Certain labor organizations during the late 1800s allowed more people to join, opening up the union to women, people of color, and/or immigrants. One prime example of an organization that opened their union to a wider variety of people included the Knights of Labor which “the Knights were the first group to try to organize unskilled workers as well as skilled, women alongside men, and blacks as well as whites” (Foner 640). The Knights of Labor were very inclusive, allowing membership to almost everyone. While it seems like a step in the right direction: an inclusive organization fighting for better working conditions for everyone, that is not necessarily the case. For this organization and others, “ the Knights of Labor initially took to interracial organizing with enthusiasm, the tensions that emerged in its practice led to the adoption of an awkward agnosticism to the problem of social segregation” (De Leon 11). While minorities were allowed to join, after joining the labor union, incorporation and cooperation between members was not always welcomed. People of color became segregated especially on a local level as “few locals welcomed less-skilled members”. The large organization of the Knights of Labor allowed for the inclusion of almost all people, but in actual local unions, these minorities were not always welcomed. Even if they were included, they remained segregated from the rest of the group making their enrollment in the union rather insignificant for them. The bigger issue of racism and the common practice of segregation become apparent when attempting to have more inclusive unions. Since many white Americans did not want equal civil rights for black people and other people of color, meeting on equal terms for equal labor rights would not be any easier. While labor unions did not include minorities fully or even at all, some laborers organized to directly suppress minorities in another way.

Workers organized together as a way to protest against other working minorities. One instance in 1896, there was “an effort to integrate an Atlanta textile mill prompted a strike and the creation of a union headed by, and composed of white women, who demanded that the Black workers in the mill be fired,” (Branch 77). White workers were so disgusted to have to work together with Black workers, they turned to enacting strikes to attack these Black workers. Those that protested wanted Black workers fired which would cost Black workers their financial income that could help them progress economically in society. Opportunities of African Americans to advance financially and for an increased quality of life as they were constantly oppressed as many wanted them barred in situations like being able to work in the same industry as whites. For example, “white strikers agreed to increase their own hours… By mobilizing to exclude black women, these white working-class women were helping ensure their availability as domestic servants while keeping the good jobs for themselves”. White workers did things like agree to longer hours just to keep black workers working in unwanted jobs. Black workers continued to be limited to servantry type jobs. While labor strikes often called for shorter working hours, some were willing to give that up to segregate African Americans into separate labor industries and feel superiority over them as they worked as domestic servants to often serve Whites. Whites felt a sense of superiority, being the only ones allowed better jobs and deserving of better working conditions.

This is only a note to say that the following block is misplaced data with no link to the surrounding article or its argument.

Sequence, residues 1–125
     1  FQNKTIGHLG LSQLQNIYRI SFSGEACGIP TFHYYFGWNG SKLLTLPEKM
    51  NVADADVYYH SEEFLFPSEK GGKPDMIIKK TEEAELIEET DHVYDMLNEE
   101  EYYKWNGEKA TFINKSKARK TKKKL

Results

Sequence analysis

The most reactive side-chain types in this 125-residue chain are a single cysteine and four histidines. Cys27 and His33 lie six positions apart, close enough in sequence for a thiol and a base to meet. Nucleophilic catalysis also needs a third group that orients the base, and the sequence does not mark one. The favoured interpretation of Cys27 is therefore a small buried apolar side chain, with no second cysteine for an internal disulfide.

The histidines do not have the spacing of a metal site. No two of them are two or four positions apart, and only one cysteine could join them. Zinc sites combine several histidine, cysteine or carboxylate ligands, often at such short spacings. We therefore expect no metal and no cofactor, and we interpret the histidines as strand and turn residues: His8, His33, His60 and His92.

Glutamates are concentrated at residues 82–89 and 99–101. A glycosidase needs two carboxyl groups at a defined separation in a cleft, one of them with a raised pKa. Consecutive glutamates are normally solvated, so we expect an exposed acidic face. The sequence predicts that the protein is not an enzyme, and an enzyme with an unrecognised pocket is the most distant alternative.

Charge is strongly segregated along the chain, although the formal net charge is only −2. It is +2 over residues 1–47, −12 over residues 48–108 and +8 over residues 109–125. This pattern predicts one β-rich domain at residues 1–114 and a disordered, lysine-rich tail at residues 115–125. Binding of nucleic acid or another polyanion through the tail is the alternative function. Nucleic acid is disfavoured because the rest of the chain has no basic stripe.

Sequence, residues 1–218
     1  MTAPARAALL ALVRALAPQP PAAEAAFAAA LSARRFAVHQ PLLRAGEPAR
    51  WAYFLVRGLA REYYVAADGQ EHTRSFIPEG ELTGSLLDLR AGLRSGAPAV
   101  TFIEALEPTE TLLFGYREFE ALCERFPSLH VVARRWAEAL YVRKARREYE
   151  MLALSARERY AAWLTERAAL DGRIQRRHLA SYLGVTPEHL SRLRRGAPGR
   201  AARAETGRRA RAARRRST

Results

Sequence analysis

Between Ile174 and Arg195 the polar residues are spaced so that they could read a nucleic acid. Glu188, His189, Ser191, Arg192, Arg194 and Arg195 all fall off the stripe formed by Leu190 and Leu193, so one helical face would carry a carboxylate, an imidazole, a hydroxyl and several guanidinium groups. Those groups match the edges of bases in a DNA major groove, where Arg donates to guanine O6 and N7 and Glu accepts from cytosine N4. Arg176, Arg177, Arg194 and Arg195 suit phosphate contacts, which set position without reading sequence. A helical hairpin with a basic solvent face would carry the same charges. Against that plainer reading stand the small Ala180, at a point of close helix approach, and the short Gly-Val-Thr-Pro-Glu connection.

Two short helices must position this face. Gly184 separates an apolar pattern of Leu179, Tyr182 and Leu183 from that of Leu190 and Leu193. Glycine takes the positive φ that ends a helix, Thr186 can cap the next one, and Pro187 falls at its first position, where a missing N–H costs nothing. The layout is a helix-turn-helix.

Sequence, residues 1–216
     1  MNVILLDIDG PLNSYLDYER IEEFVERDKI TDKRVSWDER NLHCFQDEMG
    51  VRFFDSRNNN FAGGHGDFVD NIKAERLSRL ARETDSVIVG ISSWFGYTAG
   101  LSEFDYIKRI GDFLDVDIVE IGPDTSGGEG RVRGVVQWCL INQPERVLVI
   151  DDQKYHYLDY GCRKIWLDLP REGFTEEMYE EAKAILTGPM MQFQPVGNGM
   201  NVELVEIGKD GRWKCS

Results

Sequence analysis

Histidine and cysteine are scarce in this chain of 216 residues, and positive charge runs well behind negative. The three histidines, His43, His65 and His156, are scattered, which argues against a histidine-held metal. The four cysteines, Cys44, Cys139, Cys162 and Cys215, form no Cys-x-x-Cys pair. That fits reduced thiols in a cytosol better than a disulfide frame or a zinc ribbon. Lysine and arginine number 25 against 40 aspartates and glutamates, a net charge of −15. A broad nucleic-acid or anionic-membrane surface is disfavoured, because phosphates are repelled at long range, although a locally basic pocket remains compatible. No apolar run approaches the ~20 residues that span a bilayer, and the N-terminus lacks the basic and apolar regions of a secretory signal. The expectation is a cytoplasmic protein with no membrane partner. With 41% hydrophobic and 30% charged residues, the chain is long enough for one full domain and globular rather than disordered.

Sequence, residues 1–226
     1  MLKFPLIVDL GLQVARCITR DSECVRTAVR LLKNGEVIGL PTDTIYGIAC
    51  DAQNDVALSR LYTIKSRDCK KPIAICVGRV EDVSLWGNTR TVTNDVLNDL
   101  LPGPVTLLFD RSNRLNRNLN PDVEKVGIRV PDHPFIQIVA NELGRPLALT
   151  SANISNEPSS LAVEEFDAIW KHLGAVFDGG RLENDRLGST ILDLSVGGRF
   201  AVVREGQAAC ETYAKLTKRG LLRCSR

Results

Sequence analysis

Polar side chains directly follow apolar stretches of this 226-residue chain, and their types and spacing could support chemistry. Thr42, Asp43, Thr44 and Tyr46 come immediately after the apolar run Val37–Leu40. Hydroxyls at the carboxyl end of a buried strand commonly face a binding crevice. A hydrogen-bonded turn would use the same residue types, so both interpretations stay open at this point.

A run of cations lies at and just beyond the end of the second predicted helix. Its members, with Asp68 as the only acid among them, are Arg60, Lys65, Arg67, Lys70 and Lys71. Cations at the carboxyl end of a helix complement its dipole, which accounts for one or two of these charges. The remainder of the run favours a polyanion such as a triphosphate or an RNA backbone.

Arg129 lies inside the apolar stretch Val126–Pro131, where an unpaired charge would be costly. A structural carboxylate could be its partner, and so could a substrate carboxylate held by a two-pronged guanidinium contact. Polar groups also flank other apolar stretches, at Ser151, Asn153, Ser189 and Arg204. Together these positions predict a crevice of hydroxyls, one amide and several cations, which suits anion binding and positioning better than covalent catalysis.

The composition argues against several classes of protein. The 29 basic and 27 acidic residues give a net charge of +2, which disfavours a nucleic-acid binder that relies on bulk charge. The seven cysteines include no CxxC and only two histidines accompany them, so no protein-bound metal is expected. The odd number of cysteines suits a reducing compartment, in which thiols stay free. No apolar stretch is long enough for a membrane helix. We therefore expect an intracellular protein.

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Minorities experienced suppression in many aspects of their lives, including their working lives. Unions were a tool used as a way to improve one’s working life. However, for many minorities this was not the case as unions were another way that barred them from reaching equality. Some unions did not allow women, people of color, or some immigrants to join. If they were allowed to join, their admittance was not always accepted. While labor unions called for better working conditions for some, it was sometimes at the expense of other minorities working opportunities. Oppression of minorities in relation to unions is a small glimpse of the bigger issue of racism and the idea of white superiority that exists in America as Whites want to feel supercilious at the expense of others civil rights and equality.  

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Labor Unions And Minorities In The United States. (2022, February 10). GradesFixer. Retrieved February 24, 2024, from
“Labor Unions And Minorities In The United States.” GradesFixer, 10 Feb. 2022,